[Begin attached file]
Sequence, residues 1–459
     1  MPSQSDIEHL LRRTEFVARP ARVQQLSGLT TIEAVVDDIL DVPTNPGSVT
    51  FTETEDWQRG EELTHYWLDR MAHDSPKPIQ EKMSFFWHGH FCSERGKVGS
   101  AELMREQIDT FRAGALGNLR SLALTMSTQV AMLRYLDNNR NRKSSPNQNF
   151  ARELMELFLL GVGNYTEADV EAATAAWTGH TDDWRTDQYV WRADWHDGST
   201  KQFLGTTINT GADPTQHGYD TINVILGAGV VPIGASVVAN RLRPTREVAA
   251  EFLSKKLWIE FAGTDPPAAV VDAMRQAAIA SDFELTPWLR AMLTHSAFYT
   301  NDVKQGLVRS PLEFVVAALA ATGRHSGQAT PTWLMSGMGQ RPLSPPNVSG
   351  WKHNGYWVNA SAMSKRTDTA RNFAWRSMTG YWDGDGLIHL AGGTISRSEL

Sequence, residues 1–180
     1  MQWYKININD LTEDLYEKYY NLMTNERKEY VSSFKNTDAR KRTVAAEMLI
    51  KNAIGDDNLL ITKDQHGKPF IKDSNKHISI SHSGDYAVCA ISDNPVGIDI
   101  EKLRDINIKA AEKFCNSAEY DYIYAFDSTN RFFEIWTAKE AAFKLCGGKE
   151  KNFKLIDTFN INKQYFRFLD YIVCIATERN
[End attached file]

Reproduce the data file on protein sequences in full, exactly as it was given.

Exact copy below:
Sequence, residues 1–459
     1  MPSQSDIEHL LRRTEFVARP ARVQQLSGLT TIEAVVDDIL DVPTNPGSVT
    51  FTETEDWQRG EELTHYWLDR MAHDSPKPIQ EKMSFFWHGH FCSERGKVGS
   101  AELMREQIDT FRAGALGNLR SLALTMSTQV AMLRYLDNNR NRKSSPNQNF
   151  ARELMELFLL GVGNYTEADV EAATAAWTGH TDDWRTDQYV WRADWHDGST
   201  KQFLGTTINT GADPTQHGYD TINVILGAGV VPIGASVVAN RLRPTREVAA
   251  EFLSKKLWIE FAGTDPPAAV VDAMRQAAIA SDFELTPWLR AMLTHSAFYT
   301  NDVKQGLVRS PLEFVVAALA ATGRHSGQAT PTWLMSGMGQ RPLSPPNVSG
   351  WKHNGYWVNA SAMSKRTDTA RNFAWRSMTG YWDGDGLIHL AGGTISRSEL

Sequence, residues 1–180
     1  MQWYKININD LTEDLYEKYY NLMTNERKEY VSSFKNTDAR KRTVAAEMLI
    51  KNAIGDDNLL ITKDQHGKPF IKDSNKHISI SHSGDYAVCA ISDNPVGIDI
   101  EKLRDINIKA AEKFCNSAEY DYIYAFDSTN RFFEIWTAKE AAFKLCGGKE
   151  KNFKLIDTFN INKQYFRFLD YIVCIATERN